The starting point is an analog of interpretation in the context of defeasible reasoning, viz. the notion of an extension of a theory, where a theory is regarded as a set of sentences. An extension of a theory can be thought of as an interpretation of the theory as a set of defeasible statements. In an extension, a theory's sentences can not only be justified, but also defeated. This is in contrast with the standard, non-defeasible interpretation of a theory in terms of models, where all sentences of the theory are assigned the same positive value, viz. true. In an extension of a theory, the justified part of the theory must provide an argument against the entire defeated part.

The search for an analog of valid consequence and proof started naïvely, in work on the graphical presentation of dialectical arguments in which statements can be supported by reasons and also attacked by counterarguments. The development of naïve dialectical arguments for the experimental argument assistance system ArguMed resulted in the discovery and investigation of the notion of *dialectical justification*: an argument is dialectically justifying if and only if the argument attacks all arguments that are incompatible with it.

Dialectical justification is analogous to valid consequence in the following two relevant ways. First, a dialectically justifying argument can be regarded as a set of premises justifying its conclusions, in the context of defeasible reasoning. The premises provide a basis justifying a conclusion, that is as solid as possible in the context of defeasible reasoning. Second, the investigation of the internal structure of a dialectically justifying argument leads to the notion of a justifying dialectical argument, that is a direct generalization of that of a proof, but incorporates counterarguments. A major difference between dialectical justification and valid consequence is of course that dialectical justification is nonmonotonic relative to a theory: when an argument is dialectically justifying with respect to a theory, it need not be dialectically justifying with respect to a larger theory. Another difference is the phenomenon of dialectical ambiguity: it can be the case that a statement is both dialectically justifiable and dialectically defeasible with respect to a theory. Dialectical ambiguity is analogous to inconsistency, but is not trivializing: the existence of a dialectically ambiguous statement with respect to a theory does not imply that any statement is dialectically justifiable.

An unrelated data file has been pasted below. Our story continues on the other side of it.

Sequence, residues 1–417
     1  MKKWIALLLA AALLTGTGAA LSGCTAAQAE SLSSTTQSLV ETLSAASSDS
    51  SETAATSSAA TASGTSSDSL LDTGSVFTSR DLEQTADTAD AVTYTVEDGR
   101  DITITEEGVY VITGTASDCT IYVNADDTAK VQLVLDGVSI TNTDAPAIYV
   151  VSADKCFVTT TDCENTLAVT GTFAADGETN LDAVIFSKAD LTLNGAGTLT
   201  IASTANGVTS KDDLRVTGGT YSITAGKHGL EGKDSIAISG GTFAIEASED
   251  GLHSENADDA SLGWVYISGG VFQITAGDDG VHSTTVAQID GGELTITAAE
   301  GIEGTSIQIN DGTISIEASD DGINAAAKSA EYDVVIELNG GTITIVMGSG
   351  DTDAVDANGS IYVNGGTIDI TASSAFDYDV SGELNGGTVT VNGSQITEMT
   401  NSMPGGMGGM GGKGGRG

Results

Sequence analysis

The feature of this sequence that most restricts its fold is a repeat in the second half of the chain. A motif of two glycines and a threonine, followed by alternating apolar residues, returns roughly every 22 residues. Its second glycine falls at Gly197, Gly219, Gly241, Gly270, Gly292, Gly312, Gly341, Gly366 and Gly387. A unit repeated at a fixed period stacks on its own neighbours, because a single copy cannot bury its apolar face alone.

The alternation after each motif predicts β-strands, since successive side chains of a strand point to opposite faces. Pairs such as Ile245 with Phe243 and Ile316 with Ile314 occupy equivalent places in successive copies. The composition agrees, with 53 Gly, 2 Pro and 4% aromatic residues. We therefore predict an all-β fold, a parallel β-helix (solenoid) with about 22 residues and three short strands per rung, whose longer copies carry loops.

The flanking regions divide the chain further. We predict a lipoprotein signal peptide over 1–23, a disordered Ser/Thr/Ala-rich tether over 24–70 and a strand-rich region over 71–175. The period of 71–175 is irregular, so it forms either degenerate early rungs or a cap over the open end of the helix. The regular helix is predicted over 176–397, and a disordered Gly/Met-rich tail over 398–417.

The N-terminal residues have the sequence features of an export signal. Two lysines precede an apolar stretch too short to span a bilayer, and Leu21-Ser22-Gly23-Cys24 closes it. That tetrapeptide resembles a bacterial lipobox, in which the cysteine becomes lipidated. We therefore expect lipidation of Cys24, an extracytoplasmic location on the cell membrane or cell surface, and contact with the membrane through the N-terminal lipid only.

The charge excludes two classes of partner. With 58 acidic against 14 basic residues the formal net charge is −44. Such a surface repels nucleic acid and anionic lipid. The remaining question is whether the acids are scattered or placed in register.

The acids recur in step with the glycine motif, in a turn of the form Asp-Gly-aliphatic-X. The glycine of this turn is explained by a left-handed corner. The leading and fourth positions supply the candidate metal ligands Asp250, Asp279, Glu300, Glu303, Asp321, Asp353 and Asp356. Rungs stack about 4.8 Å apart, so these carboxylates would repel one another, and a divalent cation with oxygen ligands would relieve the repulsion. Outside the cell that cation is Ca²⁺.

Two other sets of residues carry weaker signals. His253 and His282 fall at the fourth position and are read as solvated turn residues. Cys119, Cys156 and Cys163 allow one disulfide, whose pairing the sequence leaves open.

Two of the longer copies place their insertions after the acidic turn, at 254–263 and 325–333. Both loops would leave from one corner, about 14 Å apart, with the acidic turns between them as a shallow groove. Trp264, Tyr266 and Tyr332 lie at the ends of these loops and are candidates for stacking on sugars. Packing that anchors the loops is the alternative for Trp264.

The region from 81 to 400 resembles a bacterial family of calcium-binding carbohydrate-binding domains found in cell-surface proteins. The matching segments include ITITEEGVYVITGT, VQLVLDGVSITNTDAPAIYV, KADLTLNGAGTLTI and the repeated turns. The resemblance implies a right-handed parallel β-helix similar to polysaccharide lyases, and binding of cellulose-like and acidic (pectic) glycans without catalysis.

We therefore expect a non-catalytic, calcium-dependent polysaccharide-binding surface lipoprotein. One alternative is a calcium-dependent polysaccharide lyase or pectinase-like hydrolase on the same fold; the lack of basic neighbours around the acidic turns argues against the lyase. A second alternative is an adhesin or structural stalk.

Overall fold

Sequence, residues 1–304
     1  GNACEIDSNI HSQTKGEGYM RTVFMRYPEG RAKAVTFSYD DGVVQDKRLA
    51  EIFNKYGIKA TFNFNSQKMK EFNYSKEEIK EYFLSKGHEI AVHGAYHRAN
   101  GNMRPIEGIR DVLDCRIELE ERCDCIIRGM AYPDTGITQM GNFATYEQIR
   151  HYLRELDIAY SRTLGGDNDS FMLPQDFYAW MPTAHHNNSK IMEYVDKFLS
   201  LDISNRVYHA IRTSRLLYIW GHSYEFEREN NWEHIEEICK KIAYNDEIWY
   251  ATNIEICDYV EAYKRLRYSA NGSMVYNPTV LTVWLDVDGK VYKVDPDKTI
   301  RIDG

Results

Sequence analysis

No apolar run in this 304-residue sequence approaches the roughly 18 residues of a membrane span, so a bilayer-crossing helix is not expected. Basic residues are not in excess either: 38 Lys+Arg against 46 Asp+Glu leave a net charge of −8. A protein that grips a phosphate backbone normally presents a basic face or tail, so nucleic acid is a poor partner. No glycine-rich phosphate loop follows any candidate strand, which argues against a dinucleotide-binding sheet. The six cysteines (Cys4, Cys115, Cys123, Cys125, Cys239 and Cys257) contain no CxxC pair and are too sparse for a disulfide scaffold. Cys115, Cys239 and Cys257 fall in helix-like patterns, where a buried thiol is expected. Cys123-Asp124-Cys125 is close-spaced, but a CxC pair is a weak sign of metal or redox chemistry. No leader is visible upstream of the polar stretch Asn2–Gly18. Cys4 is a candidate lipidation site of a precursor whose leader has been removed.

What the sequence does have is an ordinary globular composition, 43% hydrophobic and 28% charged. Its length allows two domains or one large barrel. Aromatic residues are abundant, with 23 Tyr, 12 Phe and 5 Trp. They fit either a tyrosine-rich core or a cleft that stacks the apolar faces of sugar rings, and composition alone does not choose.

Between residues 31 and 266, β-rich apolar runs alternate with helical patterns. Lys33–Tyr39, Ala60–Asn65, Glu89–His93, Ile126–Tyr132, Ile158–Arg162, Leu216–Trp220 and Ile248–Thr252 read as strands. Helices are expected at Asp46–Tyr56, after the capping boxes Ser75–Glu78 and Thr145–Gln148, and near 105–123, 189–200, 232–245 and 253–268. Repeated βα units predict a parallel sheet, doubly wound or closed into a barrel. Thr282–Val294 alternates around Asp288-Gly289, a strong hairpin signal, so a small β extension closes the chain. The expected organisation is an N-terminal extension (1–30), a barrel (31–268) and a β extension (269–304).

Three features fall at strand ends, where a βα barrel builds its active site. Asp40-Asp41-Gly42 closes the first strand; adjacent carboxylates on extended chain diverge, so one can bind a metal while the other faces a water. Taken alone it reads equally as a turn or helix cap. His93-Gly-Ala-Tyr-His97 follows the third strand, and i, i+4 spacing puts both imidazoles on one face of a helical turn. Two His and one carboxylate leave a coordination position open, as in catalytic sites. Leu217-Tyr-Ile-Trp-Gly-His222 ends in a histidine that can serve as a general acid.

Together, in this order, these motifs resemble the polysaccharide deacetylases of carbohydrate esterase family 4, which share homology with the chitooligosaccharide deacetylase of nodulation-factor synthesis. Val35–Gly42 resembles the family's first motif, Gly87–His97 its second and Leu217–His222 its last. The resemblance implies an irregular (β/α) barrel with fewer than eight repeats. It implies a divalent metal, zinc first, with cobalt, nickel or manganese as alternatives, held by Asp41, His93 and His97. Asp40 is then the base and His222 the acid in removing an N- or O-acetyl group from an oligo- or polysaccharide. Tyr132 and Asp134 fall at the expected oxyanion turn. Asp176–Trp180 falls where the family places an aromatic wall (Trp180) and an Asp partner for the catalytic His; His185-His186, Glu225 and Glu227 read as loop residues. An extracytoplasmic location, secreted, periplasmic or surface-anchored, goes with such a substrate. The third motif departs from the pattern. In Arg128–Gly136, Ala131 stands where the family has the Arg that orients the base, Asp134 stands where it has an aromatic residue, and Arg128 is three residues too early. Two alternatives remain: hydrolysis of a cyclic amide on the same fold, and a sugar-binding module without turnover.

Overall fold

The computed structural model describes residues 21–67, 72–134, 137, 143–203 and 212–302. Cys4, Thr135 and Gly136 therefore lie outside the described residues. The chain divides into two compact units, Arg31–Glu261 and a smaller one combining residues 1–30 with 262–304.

The notion of dialectical justification plays a central role in an interesting necessary and sufficient condition for the existence of an extension of a theory. A characterization of the number of extensions (which is as usual zero, one or several) is given in terms of the notion of dialectical justification.

The notion of dialectical justification is closely related to the notion of admissibility that is currently regarded as state of the art: an argument is admissible if and only if it attacks all arguments that attack it. It is shown that the notion of dialectical justification is more satisfactory than the notion of admissibility, as a tool in the analysis of extensions. By a meta-analysis it is shown that three properties of dialectical justification are crucial: the union property, the localization property and the separation property. Admissibility lacks the latter, and as a result of that, does not allow a characterization of the existence of extensions analogous to that in terms of dialectical justification.

A useful instrument in the analysis of the dialectical interpretation of theories is the notion of a theory's *stages*. A stage of a theory is a partial dialectical interpretation of the theory, i.e., a dialectical interpretation of a subset of the theory. The stages of a theory correspond extensionally to the theory's satisfiable subsets (where satisfiability is used in the standard sense of having a model). There is an interesting intensional difference, which is relevant for the maximization of stages. Instead of maximizing the stage's justified part (which corresponds to maximizing a satisfiable subset), it is natural to maximize the stage's scope, i.e., the part of the theory that is interpreted in the stage, whether justified or defeated.

**Reference:**

Verheij, Bart (2000).
DefLog - a logic of dialectical justification and defeat. Technical report.
http://www.ai.rug.nl/~verheij/publications.htm/DefLog15.htm.

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An adapted and abbreviated version of this text appeared as "DefLog: on the Logical Interpretation of Prima Facie Justified Assumptions" in the *Journal of Logic and Computation* 13 (3), 319-346. See http://www.ai.rug.nl/~verheij/publications/jlc2003.htm.

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